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December 24, 2020

The Inner Battle of Defining our Boundaries with Loved Ones.

I ran this morning for the first time in two weeks.

Every step of the first five hundred meters was exquisite pain.

My mind raced—I hurt. Why am I still running if it hurts?

My heart raced, but not from exertion. Tears welled up in my eyes. I changed my playlist three times: a mix of old classics, Bob Dylan, and Matt Maeson.

I kept running—contemplating everything.

My legs shook. But oh my god, I couldn’t stop. Despite the aching reminder of a recent injury, I kept running. I needed time and space to be alone with myself.

The pain eased slowly as I continued.

My thoughts took priority for thirty consecutive minutes. At first, they felt like an expansive, sparkling cloud, and then they contracted to a crystal clear, star-like focus. The words and poetry were calming, breaking me free from the cage I was locked in.

I refused to stop.

In conjunction with the space for my thoughts, my body’s movement made something so obvious: I can’t keep fighting other people’s battles. I need to fight my own.

For my entire past—two months, two years, 35 years—I have been tirelessly fighting battles that are not my own. I am really good at this.

I work selflessly for my team.  Everyone knows I will show up and be highly involved. I enthusiastically rise to the challenge, and I love it. It feels good to be at the top of the list and invited into the ring because I am a winner. A gold star is placed. An A+ is given.

The alluring doors appear, but they are only illusory.

Fighting other’s battles are such a welcomed distraction. These battles are so great because they fill the void, provide satisfaction, enlighten, expand, and stimulate.

Not quite.

There is never a win or exaltation on the other side of a battle. A piece of me is gone—time-lapsed, bored, and in anguishing frustration.

It is a proverbial lose-lose situation. I can’t play games anymore. I cannot serve when I am held to rules outside of my own.

I follow all the rules, and they keep me in line.

I was blind in seeing the rules, but not anymore. Every battle has a consistent pattern. I enter the ring slaying; the team feels jubilation–victory is in sight.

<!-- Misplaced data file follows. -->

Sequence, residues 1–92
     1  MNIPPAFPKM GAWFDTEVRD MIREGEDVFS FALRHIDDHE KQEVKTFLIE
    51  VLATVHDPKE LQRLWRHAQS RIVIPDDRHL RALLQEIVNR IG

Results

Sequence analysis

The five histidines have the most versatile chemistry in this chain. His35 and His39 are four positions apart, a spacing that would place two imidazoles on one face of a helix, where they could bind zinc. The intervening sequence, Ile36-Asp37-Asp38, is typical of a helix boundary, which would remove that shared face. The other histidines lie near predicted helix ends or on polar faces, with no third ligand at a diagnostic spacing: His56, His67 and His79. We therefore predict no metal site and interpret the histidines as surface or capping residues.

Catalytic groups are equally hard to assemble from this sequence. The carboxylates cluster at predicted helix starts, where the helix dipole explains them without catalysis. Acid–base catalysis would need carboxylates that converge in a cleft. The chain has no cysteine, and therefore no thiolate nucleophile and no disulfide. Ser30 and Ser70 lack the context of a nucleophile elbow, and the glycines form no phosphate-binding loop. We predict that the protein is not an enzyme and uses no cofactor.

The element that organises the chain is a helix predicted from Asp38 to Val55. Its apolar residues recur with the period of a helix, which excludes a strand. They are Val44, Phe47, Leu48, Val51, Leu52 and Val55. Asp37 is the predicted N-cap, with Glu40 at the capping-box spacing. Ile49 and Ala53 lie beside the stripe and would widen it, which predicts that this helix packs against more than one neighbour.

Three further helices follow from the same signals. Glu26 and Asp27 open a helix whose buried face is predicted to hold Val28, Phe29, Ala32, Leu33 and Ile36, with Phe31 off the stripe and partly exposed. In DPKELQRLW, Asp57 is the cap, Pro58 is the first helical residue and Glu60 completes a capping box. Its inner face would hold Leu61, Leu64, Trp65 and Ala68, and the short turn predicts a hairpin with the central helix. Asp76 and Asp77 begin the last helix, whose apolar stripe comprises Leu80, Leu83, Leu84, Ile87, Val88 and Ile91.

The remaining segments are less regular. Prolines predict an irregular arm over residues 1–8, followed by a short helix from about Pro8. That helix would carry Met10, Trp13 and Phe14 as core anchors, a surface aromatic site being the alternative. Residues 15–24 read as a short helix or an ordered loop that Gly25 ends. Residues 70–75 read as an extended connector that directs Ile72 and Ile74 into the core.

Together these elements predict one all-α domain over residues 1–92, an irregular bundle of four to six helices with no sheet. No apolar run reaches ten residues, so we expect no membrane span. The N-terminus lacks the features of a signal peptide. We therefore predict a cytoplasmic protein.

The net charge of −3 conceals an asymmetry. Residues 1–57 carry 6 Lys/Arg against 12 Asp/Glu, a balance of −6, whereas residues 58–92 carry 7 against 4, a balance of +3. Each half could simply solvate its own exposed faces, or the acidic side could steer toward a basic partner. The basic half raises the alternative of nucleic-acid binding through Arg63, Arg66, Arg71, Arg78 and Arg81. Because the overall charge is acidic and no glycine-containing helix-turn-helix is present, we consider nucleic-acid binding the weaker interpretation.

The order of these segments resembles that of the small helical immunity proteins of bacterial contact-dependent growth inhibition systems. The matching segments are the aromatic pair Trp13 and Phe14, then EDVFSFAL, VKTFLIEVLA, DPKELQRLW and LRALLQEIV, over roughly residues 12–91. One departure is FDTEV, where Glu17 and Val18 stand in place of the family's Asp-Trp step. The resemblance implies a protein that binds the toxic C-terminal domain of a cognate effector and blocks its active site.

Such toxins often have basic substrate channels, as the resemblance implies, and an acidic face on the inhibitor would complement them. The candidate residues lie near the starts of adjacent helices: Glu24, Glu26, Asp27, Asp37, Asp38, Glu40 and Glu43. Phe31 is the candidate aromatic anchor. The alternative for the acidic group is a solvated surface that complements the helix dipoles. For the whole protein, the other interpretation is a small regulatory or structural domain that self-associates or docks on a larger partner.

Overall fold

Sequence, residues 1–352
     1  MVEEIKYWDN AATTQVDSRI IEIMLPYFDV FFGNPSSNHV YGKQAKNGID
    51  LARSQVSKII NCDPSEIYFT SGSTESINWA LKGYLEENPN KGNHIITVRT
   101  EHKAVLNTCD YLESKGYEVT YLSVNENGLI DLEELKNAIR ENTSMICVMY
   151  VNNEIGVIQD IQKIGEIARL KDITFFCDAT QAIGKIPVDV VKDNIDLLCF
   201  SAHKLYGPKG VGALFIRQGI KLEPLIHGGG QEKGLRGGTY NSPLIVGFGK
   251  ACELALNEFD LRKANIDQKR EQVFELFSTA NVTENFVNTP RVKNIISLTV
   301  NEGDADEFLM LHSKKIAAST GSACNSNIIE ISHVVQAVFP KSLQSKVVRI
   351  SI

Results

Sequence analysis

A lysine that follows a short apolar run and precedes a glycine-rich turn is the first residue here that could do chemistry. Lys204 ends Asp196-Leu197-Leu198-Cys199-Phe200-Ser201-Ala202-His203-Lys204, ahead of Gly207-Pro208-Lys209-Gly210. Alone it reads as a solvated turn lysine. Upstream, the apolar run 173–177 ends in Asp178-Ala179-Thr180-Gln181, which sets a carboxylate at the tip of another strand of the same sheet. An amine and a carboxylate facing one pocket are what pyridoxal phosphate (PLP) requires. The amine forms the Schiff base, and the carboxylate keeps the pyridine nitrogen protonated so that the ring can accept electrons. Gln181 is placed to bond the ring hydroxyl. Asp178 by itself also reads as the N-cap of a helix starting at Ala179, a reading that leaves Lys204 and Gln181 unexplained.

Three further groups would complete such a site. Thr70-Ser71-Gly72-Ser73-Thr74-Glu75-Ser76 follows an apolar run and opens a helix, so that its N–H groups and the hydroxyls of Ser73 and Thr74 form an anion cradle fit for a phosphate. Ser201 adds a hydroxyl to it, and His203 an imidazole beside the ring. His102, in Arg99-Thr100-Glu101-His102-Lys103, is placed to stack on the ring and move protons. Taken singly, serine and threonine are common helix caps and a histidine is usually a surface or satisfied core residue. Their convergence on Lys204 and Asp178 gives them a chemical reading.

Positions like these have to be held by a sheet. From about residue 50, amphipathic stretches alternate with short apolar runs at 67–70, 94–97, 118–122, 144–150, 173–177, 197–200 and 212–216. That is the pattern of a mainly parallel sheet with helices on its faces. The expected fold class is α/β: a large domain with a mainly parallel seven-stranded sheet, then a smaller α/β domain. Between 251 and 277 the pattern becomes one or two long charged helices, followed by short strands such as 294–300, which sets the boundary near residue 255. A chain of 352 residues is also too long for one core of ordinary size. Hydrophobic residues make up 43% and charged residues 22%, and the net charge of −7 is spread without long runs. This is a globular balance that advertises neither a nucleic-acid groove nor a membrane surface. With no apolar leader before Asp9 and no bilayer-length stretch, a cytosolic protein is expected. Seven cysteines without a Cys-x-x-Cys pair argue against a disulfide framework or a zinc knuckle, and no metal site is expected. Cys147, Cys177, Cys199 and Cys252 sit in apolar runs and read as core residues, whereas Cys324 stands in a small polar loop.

I feel my insides churning.

I yearn, and I try.

I try to speak.  I try to help others understand–and I fail.

I always fail. I take a seat, dimming my inner light.

God, I cannot do this anymore.

When we follow other people’s rules, we are unable to feel alive in our own choices.

We cannot thrive without boundaries.

As I flipped through the Polaroids of my past, I remember saying f*ck it to the rules. I stepped out of the game and confidently let off my guard. I felt electric, free, and loved.

This morning, I asked my eldest to make a schedule for herself to stay focused while she is not in school. I asked her to consider a few realistic goals that she may want to improve upon over the course of a week.

When I returned from my run, I checked in on her plan. She said she couldn’t do it—she wasn’t good at being realistic like me.

My husband and I both spat out what we were drinking.

“Honey, your mom is the least realistic person there is.”

“Yes, Isla, there is nothing that I do that is realistic. In fact, being unrealistic is the entire essence of my every problem.”

And there it was.

Mentally, I began going down the list—energy, work, time, peers, the world—my limits.

This is my truth. I need so much more from everything—from all of you.

Consider my sword laid down—armor off. 

I will not give away my passion, expertise, strength, or power.  This leaves me lacking, wanting, and searching.

I am so tired. God, I need my voice.

A good friend sent an Instagram post of a dog, laying on its back, in the lush grass—sun shining on its belly—wagging its tail in pure bliss captioned, “Find something that makes you feel like this.”

I am giving myself permission to find my “thing.” I have earned the right.

Off I go under the ropes and down from the ring. Opening wide, I swallow all that arouses my desires. I direct all that I have toward myself on this agenda. I will worship it all.

It may appear selfish and dramatic. People may wonder if I am depressed or in crisis.

Only those who really see me will understand that none of this is the case at all. It is time this leader bows out.

As an old part of me dissolves and the veil falls, another curtain rises, revealing the vibrancy, depth, and love that I’ve refused to show until now.

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